If you’re a fan of dark tourism, then you may have heard of London’s most notorious execution site – Tyburn. Located on the edge of the city, Tyburn was once a busy location where criminals and traitors were put to death. Over the years, the site has become largely forgotten, but it’s still worth taking a look at.
Tyburn was first mentioned in the 12th century, and it was used as an execution site until 1783.
Today, there’s not much left of Tyburn. All that remains is a plaque on the side of a building. But it’s still worth visiting, as it gives you a glimpse into London’s dark past.
What was Tyburn?
Tyburn was a place of execution located on the outskirts of London. During its peak, Tyburn was a popular spot for public executions – over 100 people were hanged here each year. As for the gallows, the first recorded hanging took place here in 1196 and hangings continued until they were moved to Newgate prison in 1783.
The condemned were brought up Oxford street (then called Tyburn road) to Tyburn Gallows where they met their end and in 1571 a triangular gallows was erected to accommodate more hangings. Up to 24 people could be hanged at once.
Why was it called Tyburn?
Tyburn – meaning ‘place of the elms’ – was a village close to the current location of Marble Arch in central London and so-called for its position adjacent to the Tyburn Brook.
Who executed people at Tyburn ?
The executions at Tyburn were carried out by the public executioner. This was a job that was at times passed down from father to son, and it was considered to be a very prestigious position.
During the 1700s, those found guilty of murder, rape and treason, but also of lesser offences such as poaching, burglary and even criminal damage, could all find themselves on the way to the hangman’s noose. Most punishments were held in public.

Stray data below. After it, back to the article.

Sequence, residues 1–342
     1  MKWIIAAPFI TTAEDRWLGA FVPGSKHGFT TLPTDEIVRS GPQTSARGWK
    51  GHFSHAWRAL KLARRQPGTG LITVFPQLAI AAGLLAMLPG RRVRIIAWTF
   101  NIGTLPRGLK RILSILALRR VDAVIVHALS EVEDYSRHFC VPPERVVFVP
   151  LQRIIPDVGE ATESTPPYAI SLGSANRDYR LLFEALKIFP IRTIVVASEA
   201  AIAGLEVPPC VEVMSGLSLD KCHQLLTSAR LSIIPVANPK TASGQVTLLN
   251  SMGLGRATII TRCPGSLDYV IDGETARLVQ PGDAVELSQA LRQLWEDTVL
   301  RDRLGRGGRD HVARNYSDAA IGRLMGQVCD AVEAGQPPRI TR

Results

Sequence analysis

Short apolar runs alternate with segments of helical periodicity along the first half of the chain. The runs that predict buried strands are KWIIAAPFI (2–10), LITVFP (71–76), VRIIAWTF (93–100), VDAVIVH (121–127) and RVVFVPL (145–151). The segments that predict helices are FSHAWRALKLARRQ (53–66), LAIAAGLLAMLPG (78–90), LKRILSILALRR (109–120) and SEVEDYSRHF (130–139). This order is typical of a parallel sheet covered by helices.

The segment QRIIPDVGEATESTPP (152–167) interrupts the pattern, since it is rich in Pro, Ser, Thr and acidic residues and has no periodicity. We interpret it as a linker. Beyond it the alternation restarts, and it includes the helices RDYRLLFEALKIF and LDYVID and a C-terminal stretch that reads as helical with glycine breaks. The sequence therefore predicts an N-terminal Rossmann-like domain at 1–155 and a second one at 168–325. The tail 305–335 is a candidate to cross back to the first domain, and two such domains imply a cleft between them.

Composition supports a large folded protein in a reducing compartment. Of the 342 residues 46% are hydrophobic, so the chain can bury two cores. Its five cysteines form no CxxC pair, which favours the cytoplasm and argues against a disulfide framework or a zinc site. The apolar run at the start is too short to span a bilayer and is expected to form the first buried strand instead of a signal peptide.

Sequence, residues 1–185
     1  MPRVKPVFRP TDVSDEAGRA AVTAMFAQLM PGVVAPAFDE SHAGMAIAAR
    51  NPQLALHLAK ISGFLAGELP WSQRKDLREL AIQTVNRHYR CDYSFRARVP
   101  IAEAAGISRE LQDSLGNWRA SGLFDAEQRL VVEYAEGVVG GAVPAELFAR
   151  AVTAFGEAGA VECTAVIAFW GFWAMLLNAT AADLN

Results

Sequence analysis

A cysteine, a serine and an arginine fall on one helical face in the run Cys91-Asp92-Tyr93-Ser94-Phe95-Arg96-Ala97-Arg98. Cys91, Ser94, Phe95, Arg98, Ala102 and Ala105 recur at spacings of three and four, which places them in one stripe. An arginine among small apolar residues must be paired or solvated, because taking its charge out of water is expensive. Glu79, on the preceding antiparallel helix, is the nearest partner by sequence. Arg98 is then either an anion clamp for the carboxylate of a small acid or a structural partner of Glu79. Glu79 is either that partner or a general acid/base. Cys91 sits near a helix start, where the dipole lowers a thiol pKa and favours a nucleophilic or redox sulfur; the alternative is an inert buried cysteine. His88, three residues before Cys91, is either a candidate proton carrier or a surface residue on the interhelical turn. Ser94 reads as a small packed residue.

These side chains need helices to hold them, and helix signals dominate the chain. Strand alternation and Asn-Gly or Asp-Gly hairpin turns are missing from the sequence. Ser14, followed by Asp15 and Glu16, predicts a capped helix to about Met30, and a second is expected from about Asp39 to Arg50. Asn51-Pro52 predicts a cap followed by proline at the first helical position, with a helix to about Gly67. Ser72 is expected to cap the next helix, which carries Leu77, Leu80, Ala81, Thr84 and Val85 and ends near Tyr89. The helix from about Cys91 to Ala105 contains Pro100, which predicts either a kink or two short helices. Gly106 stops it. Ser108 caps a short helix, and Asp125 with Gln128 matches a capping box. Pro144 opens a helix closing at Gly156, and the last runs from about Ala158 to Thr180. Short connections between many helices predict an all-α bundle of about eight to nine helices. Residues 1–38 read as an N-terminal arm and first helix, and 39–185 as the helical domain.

Executions were elaborate and shocking affairs, designed to act as a deterrent to those who watched. Prisoners were transported to the gallows along a three-mile route by cart, often followed by a huge, jeering crowd numbering several thousand people. They were then executed in front of these noisy, riotous audiences, and many hangings were more like fairs than serious legal ceremonies.
What crimes were punished at Tyburn?
The majority of people who were executed at Tyburn were criminals or traitors. However, there were also many people who were executed for religious reasons.
A List of People Executed at Tyburn
This is by no means a conclusive list but highlights some of the most prominent executions held at the site:
|Name||Date of Execution||Known For||Charge|
|William Fitz Osbert||1196||Uprising of the Poor||Treason|
|Jack Sheppard||16 November 1724||Burglar and Prison Escapee||Theft|
|Claude Duval||21 January 1670||French Highwayman||Robbery|
|Edmund Campion||1 December 1581||Catholic Martyr||Treason|
|Francis Dereham||10 December 1541||Lover of Catherine Howard||Treason|
|Thomas Culpeper||10 December 1541||Lover of Catherine Howard||Treason|
|William Spiggot||11 February 1721||Highwayman||Robbery|
|Elizabeth Brownrigg||14 September 1767||Abuse of Domestic Staff||Murder|
|Elizabeth Barton (Nun)||20 April 1534||prophesied Henry VIII Death||Treason|
|Robert Southwell||21 February 1595||Catholic Martyr||Treason|
|William Chaloner||23 March 1699||Counterfeiter||Treason|
|Perkin Warbeck||23 November 1499||Pretender Duke of York||Treason|
|John Austin||3 November 1783||Highwayman||Murder|
|William Leech of Fulletby||8 May 1543||Pilgrimage of Grace||Treason|
Who was the Last Person Executed at Tyburn?
On 3 November 1783 highwayman John Austin became the last man to be executed at Tyburn, marking the end of an infamous 600-year history. John Austin was sentenced to death in 1783 for the murder of labourer John Kent and became the last man to be hanged at the site.
After this date Newgate prison carried out the executions on a scaffold called “New Drop”.
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Link will appear as Hanson, Marilee. "Tyburn – London’s Most Notorious Execution Site" https://englishhistory.net/tyburn/, March 7, 2022